Recovery for Athletes and Those Who Train Like Athletes

author:  Kelly Gill, MS, RD, CSSD, LD


Have you ever thought about your need to recover after workouts?  Most people with low to moderate intensity workouts, who get adequate sleep and eat mostly a healthy diet, will naturally recover without making extraordinary efforts.

However, if you feel like you’ve hit a wall in your workouts, or you feel increasing fatigue during workouts or otherwise, if you are not experiencing performance gains (like getting stronger, leaner, or better) during your workouts or you are sore after workouts, if you find yourself continuously getting sick, then you may need to start thinking about your recovery after workouts.  Each of those complaints can be the sign of inadequate recovery.

In addition to complaints that could be caused by inadequate recovery, there are other times when adequate recovery should be sought after.  While the average person doesn’t normally work out more than once in a 24 hour period, the athlete who competes more than once within 24 hours (as in a tournament) or is training twice a day needs to make sure they are recovering in the best way possible.  Otherwise, they will not be able to perform at their best.  So, in the case of more than one workout/game/match in 24 hours, adequate recovery needs to be a priority.


The goal of good recovery is to:

  • Replace nutrients that were used
  • Promote muscle repair and growth
  • Boost adaptation to training
  • Support immune function


In other words, if you are recovering well, then you should feel energetic from adequately replaced nutrients, you should feel strong from muscle repair and growth, you should be seeing gains and improvements and experiencing less soreness from adaptation to training, and you should not be getting sick more frequently than usual.


When it comes to adequate recovery, remember the 3 R’s:

  1. Refuel
  2. Rehydrate
  3. Rest



The major nutrients that need to be refueled are carbohydrates and protein.  Your body uses carbohydrates from muscle stores during a workout and those stores need to be replaced.  In addition, protein is broken down from muscle when muscles are being used.  Protein needs to be replaced in order to build back those muscles to be bigger and better.  For more details on having carbohydrates and protein after a workout, see my blog on pre- and post- workout nutrition.

In addition to balancing protein and carbs, following an anti-inflammatory diet will reduce inflammatory markers in the body that can contribute to soreness and internal damage, in general. Following this way of eating will keep you in a healthier state and promote recovery 24 hours a day/7 days a week.  Anti-inflammatory foods are typically minimally processed, whole foods, but it also includes adding things like probiotics and spices.  See my blog on the Anti-inflammatory diet for details.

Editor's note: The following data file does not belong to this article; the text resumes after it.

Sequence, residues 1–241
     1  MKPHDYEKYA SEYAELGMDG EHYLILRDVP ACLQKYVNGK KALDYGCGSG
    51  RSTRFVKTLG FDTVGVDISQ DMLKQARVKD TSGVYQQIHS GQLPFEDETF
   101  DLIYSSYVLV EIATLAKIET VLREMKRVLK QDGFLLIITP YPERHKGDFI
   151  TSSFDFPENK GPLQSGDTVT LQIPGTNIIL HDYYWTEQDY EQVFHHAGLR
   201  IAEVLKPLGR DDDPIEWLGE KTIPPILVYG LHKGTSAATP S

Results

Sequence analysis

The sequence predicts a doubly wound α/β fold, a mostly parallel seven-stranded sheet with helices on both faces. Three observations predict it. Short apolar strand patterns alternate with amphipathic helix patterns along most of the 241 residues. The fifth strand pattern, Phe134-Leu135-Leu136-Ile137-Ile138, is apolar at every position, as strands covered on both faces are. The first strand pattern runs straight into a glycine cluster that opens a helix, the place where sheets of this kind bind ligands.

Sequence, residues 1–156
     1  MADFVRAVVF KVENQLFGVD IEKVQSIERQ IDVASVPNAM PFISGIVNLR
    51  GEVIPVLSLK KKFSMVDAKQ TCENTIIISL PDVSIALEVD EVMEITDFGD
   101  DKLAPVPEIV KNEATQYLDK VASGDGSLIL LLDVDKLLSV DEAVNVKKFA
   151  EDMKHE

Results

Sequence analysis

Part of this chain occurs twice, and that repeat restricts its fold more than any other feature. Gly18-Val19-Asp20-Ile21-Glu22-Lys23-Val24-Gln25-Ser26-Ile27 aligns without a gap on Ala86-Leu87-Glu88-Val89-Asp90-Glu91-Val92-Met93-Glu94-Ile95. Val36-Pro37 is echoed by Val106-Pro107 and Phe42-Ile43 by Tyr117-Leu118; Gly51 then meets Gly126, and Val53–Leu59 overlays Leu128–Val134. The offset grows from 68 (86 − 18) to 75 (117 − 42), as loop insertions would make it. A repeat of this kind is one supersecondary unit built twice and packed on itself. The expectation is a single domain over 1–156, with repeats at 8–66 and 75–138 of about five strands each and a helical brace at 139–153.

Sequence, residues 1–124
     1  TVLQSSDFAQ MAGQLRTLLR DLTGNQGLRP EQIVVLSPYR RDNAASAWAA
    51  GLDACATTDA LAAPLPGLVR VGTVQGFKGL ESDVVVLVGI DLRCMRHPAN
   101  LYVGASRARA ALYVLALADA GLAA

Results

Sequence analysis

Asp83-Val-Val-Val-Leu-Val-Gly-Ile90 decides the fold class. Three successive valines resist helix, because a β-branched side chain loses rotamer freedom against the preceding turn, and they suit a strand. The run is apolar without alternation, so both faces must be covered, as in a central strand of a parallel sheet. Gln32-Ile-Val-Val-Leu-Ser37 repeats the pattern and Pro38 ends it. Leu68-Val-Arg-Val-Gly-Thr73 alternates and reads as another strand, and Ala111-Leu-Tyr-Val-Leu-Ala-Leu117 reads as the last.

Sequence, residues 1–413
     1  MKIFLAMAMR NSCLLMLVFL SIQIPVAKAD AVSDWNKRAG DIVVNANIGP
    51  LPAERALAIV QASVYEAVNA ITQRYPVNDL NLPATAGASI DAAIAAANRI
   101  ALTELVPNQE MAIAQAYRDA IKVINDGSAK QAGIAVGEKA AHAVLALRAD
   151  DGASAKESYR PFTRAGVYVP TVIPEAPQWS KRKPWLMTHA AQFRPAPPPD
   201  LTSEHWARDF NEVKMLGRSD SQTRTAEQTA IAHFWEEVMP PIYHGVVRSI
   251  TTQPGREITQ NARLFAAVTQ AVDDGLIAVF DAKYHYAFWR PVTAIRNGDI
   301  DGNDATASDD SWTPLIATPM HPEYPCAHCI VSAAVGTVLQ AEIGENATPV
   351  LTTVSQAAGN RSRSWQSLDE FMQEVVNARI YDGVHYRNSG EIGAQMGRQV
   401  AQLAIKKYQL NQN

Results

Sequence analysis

Some people may take antioxidant supplements to help decrease the inflammatory response induced by a hard exercise session.  Research shows that taking an antioxidant supplement that supplies a large dose of that nutrient will attenuate the inflammatory response.  In other words, the antioxidant supplement will help to stop some of that inflammation.  However, during training, that inflammatory response plays a role in adaptations to training (i.e. getting bigger, stronger, and faster).  So taking antioxidants regularly during training may interfere with positive adaptations from training.  If you take an antioxidant supplement during the training season, you may limit your ability to achieve peak results.  On the other hand, taking antioxidants for fast recovery from back-to-back games or  during twice a day training may be an appropriate way to recover between training sessions/games/matches.  In other words, if you’re in training and your priority is improvement, then avoid antioxidant supplements.  Do note that it is helpful during this time to consume antioxidants from anti-inflammatory foods like fruits and vegetables.  Science seems to support the benefits provided by antioxidants in their natural form.  If you are in need of rapid recovery and that is more important than long term performance gains, as in the case of multiple games/training sessions in one day, then by all means, take an antioxidant supplement.  Remember, whenever you take supplements, do your research!  Start by reading my blog on the supplement industry and my blog on specific supplements to take and the ones to avoid.